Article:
The First Amendment Couldn’t Care Less About Political Affiliation
Mark M. Leitner
Today’s post was supposed to wrap up my series on President Donald Trump’s bogus defamation claims. While I was finishing that on Friday, I learned that Judge Jill Karofsky, a Dane County circuit court judge in a hotly-contested election race for Justice Daniel Kelly’s seat on the Wisconsin Supreme Court, filed a lawsuit in Milwaukee County claiming that several television ads attacking her record as a district attorney and a judge were defamatory and violated a Wisconsin criminal statute prohibiting knowingly false statements about a candidate intended to influence voting. Judge Karofsky’s suit is extraordinary and is happening while I write, so the final Trump post is bumped to later this week.
The defendants, who created the ads and paid to air them, are a “special fund” of Wisconsin Manufacturers & Commerce established “to deliver the business message and promote grassroots activity to support the business agenda”; the Republican State Leadership Committee (“RSLC”), a national organization whose “mission is to elect Republicans to down-ballot and state-level offices”; and the RSLC’s Judicial Fairness Initiative (“JFI”), which “works to elect conservatives to the judiciary in states across the country.”
In American law, prior restraints are more than unusual; the U.S. Supreme Court has never approved one.
The case jumped out at me, because Judge Karofsky asked the court to issue a preliminary injunction against the defendants, barring them from airing the ads in the days before the April 7 election. That is eye-popping because the judge wants a court to impose a prior restraint – a court order directing someone not to speak. In American law, prior restraints are more than unusual; the U.S. Supreme Court has never approved one. “For many years it has been clearly established that “any prior restraint on expression comes to this Court with a ‘heavy presumption’ against its constitutional validity.’” According to the U.S. Press Freedom Tracker, “since 2017, at least 14 journalists or news organizations have been ordered by a judge to not publish information; 0 of those orders have been upheld.”
Before I dig deeper into the merits of Judge Karofsky’s suit, I need to make my own political position clear: I support Judge Karofsky’s candidacy for the Supreme Court, I donated to her campaign, I co-hosted a fundraiser for her, and I will vote for her.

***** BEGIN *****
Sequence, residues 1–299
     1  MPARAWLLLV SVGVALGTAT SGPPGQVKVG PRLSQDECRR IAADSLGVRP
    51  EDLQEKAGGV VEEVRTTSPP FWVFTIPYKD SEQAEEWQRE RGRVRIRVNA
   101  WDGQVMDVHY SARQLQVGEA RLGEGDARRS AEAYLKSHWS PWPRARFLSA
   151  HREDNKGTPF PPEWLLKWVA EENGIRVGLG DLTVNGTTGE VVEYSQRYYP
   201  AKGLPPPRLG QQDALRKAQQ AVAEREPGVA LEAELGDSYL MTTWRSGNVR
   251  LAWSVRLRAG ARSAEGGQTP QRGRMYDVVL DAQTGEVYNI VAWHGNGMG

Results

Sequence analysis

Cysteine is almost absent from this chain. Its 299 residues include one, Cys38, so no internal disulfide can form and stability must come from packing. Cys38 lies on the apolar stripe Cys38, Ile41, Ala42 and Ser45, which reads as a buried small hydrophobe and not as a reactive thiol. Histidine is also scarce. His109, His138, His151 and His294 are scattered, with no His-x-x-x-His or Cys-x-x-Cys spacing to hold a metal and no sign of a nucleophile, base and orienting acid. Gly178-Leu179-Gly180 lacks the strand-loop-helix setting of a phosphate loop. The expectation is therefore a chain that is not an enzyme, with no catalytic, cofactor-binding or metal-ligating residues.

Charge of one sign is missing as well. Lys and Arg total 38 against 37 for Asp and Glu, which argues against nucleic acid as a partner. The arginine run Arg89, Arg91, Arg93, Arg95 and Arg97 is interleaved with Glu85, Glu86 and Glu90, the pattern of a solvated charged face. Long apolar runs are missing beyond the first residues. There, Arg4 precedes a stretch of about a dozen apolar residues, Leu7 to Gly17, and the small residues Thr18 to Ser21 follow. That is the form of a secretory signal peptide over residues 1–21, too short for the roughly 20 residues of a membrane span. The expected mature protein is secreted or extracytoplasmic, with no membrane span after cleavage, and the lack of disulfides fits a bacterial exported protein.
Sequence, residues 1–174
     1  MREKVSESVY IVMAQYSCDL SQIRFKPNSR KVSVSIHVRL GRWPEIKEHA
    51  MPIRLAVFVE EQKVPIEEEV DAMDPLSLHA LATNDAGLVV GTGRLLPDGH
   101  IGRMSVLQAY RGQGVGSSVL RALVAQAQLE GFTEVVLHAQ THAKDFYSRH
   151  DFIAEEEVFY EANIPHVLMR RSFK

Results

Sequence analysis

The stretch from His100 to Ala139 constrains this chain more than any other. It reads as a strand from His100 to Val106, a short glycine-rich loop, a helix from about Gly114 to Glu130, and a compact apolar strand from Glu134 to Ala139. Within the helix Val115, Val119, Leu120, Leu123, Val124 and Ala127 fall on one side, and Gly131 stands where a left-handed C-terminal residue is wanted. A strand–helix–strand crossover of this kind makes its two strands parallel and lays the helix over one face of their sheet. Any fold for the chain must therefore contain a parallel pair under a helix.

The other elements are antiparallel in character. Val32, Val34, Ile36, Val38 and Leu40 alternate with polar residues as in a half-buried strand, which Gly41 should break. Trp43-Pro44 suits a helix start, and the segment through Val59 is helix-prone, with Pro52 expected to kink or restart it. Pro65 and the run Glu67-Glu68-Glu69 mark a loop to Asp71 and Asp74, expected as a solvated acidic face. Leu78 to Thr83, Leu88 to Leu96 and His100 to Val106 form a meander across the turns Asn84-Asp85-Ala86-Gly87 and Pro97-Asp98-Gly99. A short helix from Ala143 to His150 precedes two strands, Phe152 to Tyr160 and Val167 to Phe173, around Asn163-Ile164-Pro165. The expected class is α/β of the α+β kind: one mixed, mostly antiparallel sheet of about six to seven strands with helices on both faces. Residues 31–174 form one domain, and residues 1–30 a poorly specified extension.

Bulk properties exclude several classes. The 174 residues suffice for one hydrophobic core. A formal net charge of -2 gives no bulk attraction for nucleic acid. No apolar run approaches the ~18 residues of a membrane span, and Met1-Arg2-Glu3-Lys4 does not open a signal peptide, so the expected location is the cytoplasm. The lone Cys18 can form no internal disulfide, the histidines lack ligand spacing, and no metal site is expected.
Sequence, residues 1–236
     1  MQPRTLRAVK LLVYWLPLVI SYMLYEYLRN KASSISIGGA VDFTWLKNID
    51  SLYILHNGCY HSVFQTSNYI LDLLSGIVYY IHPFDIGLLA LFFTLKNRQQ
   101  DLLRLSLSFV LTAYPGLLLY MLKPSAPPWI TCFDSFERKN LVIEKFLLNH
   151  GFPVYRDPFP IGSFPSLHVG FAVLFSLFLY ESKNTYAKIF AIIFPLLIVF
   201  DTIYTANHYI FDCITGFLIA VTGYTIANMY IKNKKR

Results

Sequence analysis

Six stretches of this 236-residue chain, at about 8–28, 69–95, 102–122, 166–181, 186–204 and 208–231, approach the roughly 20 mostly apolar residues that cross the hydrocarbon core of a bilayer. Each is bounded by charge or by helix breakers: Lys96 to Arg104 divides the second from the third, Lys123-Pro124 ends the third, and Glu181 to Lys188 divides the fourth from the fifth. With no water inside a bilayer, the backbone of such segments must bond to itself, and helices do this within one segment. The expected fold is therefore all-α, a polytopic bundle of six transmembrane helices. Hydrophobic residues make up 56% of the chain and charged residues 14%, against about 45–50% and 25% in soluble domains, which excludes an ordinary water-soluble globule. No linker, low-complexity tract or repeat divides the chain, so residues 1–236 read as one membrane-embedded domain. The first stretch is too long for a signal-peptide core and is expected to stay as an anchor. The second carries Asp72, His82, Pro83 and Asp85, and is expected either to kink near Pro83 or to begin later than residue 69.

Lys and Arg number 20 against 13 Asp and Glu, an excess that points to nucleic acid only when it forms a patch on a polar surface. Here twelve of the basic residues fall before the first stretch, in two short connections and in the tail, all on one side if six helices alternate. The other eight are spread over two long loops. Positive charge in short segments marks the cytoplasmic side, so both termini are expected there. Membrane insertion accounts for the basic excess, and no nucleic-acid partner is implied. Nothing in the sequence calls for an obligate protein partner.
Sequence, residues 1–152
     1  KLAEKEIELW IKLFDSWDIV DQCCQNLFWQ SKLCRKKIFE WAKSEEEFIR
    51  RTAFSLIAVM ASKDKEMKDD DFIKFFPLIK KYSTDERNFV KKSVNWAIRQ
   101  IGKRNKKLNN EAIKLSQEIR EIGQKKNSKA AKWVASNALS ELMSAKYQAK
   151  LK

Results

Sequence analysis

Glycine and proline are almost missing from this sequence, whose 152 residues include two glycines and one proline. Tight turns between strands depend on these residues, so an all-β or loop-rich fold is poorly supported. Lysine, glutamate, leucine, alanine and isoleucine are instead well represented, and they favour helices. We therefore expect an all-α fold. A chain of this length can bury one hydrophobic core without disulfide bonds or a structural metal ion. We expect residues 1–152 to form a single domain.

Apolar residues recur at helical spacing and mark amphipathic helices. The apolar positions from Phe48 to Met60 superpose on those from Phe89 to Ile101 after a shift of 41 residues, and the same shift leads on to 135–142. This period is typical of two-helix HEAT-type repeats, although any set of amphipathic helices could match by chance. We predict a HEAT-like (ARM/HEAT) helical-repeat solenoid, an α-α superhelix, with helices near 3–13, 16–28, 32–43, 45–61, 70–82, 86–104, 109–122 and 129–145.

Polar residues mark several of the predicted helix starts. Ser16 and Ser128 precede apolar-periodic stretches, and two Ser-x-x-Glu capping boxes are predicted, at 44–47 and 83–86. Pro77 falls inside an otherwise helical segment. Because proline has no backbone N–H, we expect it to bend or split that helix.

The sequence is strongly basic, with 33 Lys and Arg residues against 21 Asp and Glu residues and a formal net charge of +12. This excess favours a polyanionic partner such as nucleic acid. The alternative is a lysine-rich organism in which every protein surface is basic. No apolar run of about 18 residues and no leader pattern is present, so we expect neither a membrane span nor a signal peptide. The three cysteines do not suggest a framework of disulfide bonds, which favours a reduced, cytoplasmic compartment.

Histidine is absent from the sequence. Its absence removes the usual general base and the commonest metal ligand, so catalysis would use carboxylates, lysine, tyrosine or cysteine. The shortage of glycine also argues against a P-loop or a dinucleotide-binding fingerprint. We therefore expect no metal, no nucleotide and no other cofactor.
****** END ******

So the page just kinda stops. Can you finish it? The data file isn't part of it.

That said, I believe Judge Karofsky’s lawsuit is extraordinarily weak; I wish she had not filed it. Her substantive claims, for defamation and for the violation of the election-misrepresentation statute, have fatal legal flaws. But the biggest problem is what the brief leaves out. The Supreme Court’s heavy presumption against prior restraint means that the judge and the opposing lawyers will be looking for Judge Karofsky’s explanation of why this case is so extraordinary that it is an exception to decades of Supreme Court precedent barring prior restraints. And on that issue, her brief is silent.
I’m not kidding.
No citation to Near v. Minnesota, the 1931 decision that established the strong presumption under the First Amendment against the validity of any prior restraint. No discussion of New York Times v. United States, the famed Pentagon Papers decision that halted the government’s effort to stop publication of a historical study of the Vietnam War. Nothing about any of the other Supreme Court cases and how they could be distinguished. Instead, the brief cites only Wisconsin procedural decisions establishing the standard for preliminary injunctive relief, which are beside the point in a case seeking a prior restraint against political speech. And the brief says nothing about the general principle, followed by the Seventh Circuit and many other courts, that “equity does not enjoin a libel or slander and that the only remedy for defamation is an action for damages.”
The only Wisconsin decision I found addressing these issues is not binding precedent; in fact, under Wisconsin’s rules of procedure, it can’t be cited at all. But it’s worth looking at because it shows how a court dealt with facts very similar to those in Judge Karofsky’s case. In Radcliffe for Assembly v. Coalition for America’s Families, a candidate for the Wisconsin Assembly sued a group that had been airing ads attacking him on taxation issues, arguing that the ads were defamatory and violated §12.05, and seeking a temporary injunction. After the trial court granted the injunction based on the defamation claim, the group asked the Wisconsin Court of Appeals to lift the injunction, and it did: “We are aware of no caselaw that permits prior restraint of speech before an adjudication on the merits of the defamatory nature of the statements at issue.” In other words, before Radcliffe could seek an injunction against speech, he would have had to win a final judgment that the group had defamed him, and because the case had just been filed, he was not in a position to do that.